July 20th, 2008

Reloder 17 shoots 600-39X in First Match

Earlier this week, German Salazar tested the new Alliant Reloder 17 (RL17) powder, checking for velocity and pressure. Using the 6XC cartridge, German found that RL17 could drive Sierra 107gr MKs over 200 fps faster than could H4831sc. RL17 likewise delivered big velocity gains with 115gr Bergers in the 6XC.

Salazar Shoots 600-39x with Reloder 17 at 500 Yards
On July 20 (this morning), shooting at the Phoenix Rod & Gun Club, German confirmed that RL17 can deliver real-world, match-winning accuracy. Shooting a 500-yard prone High Power match on the NRA MR65 target, using iron sights, German posted a very impressive 600-39X score. The three relays were shot with Sierra 107s, using three different loads of RL17 in progressively “hotter” increments: 40.6 grains (3215 fps), 41.2 grains (3290 fps), and 41.8 grains (3311 fps). Salazar shot 200-14X with the low load, 200-15X with the middle load, and 200-10X with the hottest load. German felt the middle load was the most consistent. (NOTE: these loads are all with moly-coated bullets. You should reduce the load by at least one full grain for “naked” bullets”.)

Alliant Reloder 17German explains: “Ask any high power shooter and he’ll tell you 600-39X is quite an achievement with iron sights on the new (smaller) MR65 target at 500 yards. I can say with assurance now that this powder will shoot accurately in the 6XC. Last week, using H4831sc, shooting the same 6XC rifle, at the same range, with the same course of fire, I shot a 598-29x. I do think Reloder 17 helped me shoot a higher score this week, with 10 more Xs. The extra velocity afforded by RL17 reduces wind drift considerably, and the elevation held very consistently, particularly with the first two loads.”

Even at the hottest load, 41.8 grains (3311 fps) of RL17, German did not observe sticky bolt lift or other notable signs of pressure. So far, then, what we’ve learned about Reloder 17 is “all good” — in the appropriate cartridge, it will boost velocities dramatically, and it can deliver competitive accuracy in High Power competition.

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July 20th, 2008

Annual SoCal Tactical Match

Last week, the third annual Southern California Precision Rifle Competition (SCPRC) was held. This match takes place each year in July at the West End Gun Club, 20 minutes west of San Bernadino, CA. Match director Mark Archuleta, aka “Spaniard”, ran a great match, with a diverse and challenging course of fire. Mark reports: “This was our third SCPRC, and we had 34 shooters from all over the US.” Mark posted a match report in our FORUM with lots of photos. CLICK HERE to read Mark’s full report. Below are some pictorial highlights from the Match, with Mark’s commentary:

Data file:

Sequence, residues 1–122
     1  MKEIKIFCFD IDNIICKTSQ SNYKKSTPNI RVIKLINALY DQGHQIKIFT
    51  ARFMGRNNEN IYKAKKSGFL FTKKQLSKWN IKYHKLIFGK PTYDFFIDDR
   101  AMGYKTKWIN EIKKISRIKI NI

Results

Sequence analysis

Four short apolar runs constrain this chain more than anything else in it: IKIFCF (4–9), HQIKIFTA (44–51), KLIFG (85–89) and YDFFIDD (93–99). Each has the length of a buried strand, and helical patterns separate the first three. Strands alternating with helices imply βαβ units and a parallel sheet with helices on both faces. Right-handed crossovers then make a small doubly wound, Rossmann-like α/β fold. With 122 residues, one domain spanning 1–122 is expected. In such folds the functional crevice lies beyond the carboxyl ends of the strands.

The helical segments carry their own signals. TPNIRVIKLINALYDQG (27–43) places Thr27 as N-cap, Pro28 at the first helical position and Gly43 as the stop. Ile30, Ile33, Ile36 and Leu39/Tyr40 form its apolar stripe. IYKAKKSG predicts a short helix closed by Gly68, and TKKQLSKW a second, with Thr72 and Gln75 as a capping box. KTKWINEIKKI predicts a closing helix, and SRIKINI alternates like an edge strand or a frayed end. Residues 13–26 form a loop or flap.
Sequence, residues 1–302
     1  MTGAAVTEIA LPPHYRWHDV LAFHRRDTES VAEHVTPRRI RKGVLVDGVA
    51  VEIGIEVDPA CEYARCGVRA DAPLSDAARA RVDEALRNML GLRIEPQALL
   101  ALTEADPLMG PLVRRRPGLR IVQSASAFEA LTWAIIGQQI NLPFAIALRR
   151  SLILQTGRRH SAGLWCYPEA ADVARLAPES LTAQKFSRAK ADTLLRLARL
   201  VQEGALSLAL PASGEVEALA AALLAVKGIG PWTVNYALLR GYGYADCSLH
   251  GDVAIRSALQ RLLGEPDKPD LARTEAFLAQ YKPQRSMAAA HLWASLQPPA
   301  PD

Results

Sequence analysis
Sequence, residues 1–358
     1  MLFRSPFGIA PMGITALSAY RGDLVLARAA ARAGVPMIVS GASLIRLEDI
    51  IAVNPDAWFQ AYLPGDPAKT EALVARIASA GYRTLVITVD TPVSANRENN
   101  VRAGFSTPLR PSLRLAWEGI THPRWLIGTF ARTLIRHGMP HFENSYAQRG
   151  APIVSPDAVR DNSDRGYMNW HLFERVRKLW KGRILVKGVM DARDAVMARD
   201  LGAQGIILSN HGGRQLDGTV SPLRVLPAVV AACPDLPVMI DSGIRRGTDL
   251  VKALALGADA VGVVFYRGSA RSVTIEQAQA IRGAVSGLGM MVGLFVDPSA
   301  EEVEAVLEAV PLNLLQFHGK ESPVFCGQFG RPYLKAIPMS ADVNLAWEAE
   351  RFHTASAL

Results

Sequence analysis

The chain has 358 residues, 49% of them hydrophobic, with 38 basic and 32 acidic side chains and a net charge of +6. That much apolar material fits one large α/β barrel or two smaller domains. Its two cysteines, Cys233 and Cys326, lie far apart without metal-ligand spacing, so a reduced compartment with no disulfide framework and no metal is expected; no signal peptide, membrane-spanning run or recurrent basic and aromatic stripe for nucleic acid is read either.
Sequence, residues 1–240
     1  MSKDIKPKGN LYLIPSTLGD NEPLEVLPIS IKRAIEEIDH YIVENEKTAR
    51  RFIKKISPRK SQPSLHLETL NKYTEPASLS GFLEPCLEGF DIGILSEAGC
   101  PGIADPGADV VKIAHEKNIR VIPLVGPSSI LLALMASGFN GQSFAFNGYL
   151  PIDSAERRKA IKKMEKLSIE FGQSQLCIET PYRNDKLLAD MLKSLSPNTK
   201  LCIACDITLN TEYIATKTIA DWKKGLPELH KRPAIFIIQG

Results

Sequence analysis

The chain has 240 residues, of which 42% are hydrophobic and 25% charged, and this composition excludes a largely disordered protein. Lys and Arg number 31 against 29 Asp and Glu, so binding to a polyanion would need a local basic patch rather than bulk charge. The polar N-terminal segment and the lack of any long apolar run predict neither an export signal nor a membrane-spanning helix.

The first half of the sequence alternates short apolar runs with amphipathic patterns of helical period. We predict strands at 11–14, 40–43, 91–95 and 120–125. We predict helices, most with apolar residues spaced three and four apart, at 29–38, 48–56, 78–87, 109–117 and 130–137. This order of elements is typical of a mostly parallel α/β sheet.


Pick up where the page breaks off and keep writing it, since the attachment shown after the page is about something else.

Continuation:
Vu Pham from Nor-Cal, shown below, hit both his cold bore shots on day 1 & 2. This year’s Day Two cold bore shot (CBS) reprised our 2006 CBS. There was a 3.5″ Clay pigeon set at about 325 yards, with roughly a 10° down angle. In 2006, 7 out of 22 shooters made the hit, this year 12 out of 34 shooters made the hit. Some folks don’t think that the 10°-15° slope makes a difference, but it does.

Below Phil demonstrates textbook bipod shooting: working the bolt, maintaining a solid cheek weld and keeping an eye on the next target. Good job Phil. [Editor’s Note: the “pucks” on the bipod legs are “PodPaws” from Zephyr Dynamics]

One of the stages was shot from a squatting position with rifle supported by saw-horses. This stage obviously favored the shorter guys.

The match included timed stages. The challenge was how to record times for multiple shooters. I purchased a timing system and did some modifications to it so each shooter had his own stop button. It worked great and I could shoot whole teams all at once. This made the lines move very fast. It’s will be a part of all my future matches, local and not so local. Below, just like on Jeopardy, Scott Cochran stops the clock.

At the request of Kurt Stone (LV Steel Targets), a standing stage was added. It’s not easy to shot a heavy tactical rifle off-hand! Here, representing the United States Marine Corp., is SSgt. Tony Palzkill — a real professional and a nice guy too.

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